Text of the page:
• Search Google Scholar
    • Export Citation
  • 33.

    Gayral P, Cavier R, 1971. Current entomological and ecological data on yellow fever vectors in western Africa. Bull Soc Pathol Exot 64: 701708.

    • Search Google Scholar
    • Export Citation
  • 34.

    Cornet M, Robin Y, Chateau R, Heme G, Adam C, Valade M, 1979. Isolement d'arbovirus au Senegal oriental a partir de moustiques (1972–1977) et note sur l'epidemiologie des virus transmis par les Aedes, en particulier du virus amaril. Cah Orstom Ser Ent Med Parasitol 17: 149163.

    • Search Google Scholar
    • Export Citation
  • 35.

    Adam F, Digoutte JP, 2013. Virus d'Afrique (Base de Données). Centre Collaborateur OMS de Référence et de Recherche pour les Arbovirus et les Virus de Fièvres Hémorrhagiques (CRORA). African Viruses (Database). WHO Collaborating Centre for Arbovirus and Haemorrhagic Fever Reference. Available at: http://www.pasteur.fr/recherche/banques/CRORA/. Accessed April 2, 2013.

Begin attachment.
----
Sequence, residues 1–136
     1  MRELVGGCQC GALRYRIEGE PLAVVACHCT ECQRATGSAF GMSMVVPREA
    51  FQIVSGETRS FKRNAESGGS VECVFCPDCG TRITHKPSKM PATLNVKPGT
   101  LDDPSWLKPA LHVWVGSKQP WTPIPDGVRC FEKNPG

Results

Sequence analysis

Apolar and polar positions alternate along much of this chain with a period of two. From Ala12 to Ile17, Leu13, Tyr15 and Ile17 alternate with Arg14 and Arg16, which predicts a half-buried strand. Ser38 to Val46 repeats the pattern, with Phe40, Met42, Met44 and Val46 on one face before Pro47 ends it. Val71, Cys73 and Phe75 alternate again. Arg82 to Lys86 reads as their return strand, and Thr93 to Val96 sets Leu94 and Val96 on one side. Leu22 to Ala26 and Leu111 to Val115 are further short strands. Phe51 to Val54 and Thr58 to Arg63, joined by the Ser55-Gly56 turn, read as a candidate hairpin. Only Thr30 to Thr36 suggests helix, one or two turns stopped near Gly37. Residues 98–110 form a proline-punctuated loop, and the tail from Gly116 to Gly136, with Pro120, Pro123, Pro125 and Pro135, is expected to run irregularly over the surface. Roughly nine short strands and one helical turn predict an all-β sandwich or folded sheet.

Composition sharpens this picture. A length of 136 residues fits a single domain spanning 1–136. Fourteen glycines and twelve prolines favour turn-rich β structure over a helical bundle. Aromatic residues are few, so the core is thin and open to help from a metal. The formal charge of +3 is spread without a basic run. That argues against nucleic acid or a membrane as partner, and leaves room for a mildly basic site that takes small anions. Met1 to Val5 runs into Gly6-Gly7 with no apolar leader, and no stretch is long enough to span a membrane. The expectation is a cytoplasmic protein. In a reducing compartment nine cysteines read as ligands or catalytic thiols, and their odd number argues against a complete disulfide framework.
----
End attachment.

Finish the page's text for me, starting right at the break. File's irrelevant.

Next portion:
• Search Google Scholar
    • Export Citation
  • 36.

    Ellis BR, Barrett AD, 2008. The enigma of yellow fever in East Africa. Rev Med Virol 18: 331346.

  • 37.

    Traore-Lamizana M, Zeller H, Monlun E, Mondo M, Hervy JP, Adam F, Digoutte JP, 1994. Dengue 2 outbreak in southeastern Senegal during 1990: virus isolations from mosquitoes (Diptera: Culicidae). J Med Entomol 31: 623627.

    • Search Google Scholar
    • Export Citation
  • 38.

    Diallo M, Ba Y, Sall AA, Diop OM, Ndione JA, Mondo M, Girault L, Mathiot C, 2003. Amplification of the sylvatic cycle of dengue virus type 2, Senegal, 1999–2000: entomologic findings and epidemiologic considerations. Emerg Infect Dis 9: 362367.

    • Search Google Scholar
    • Export Citation
  • 39.

    Monlun E, Zeller H, Le Guenno B, Traore-Lamizana M, Hervy JP, Adam F, Ferrara L, Fontenille D, Sylla R, Mondo M, 1993. Surveillance of the circulation of arbovirus of medical interest in the region of eastern Senegal. Bull Soc Pathol Exot 86: 2128.

    • Search Google Scholar
    • Export Citation
  • 40.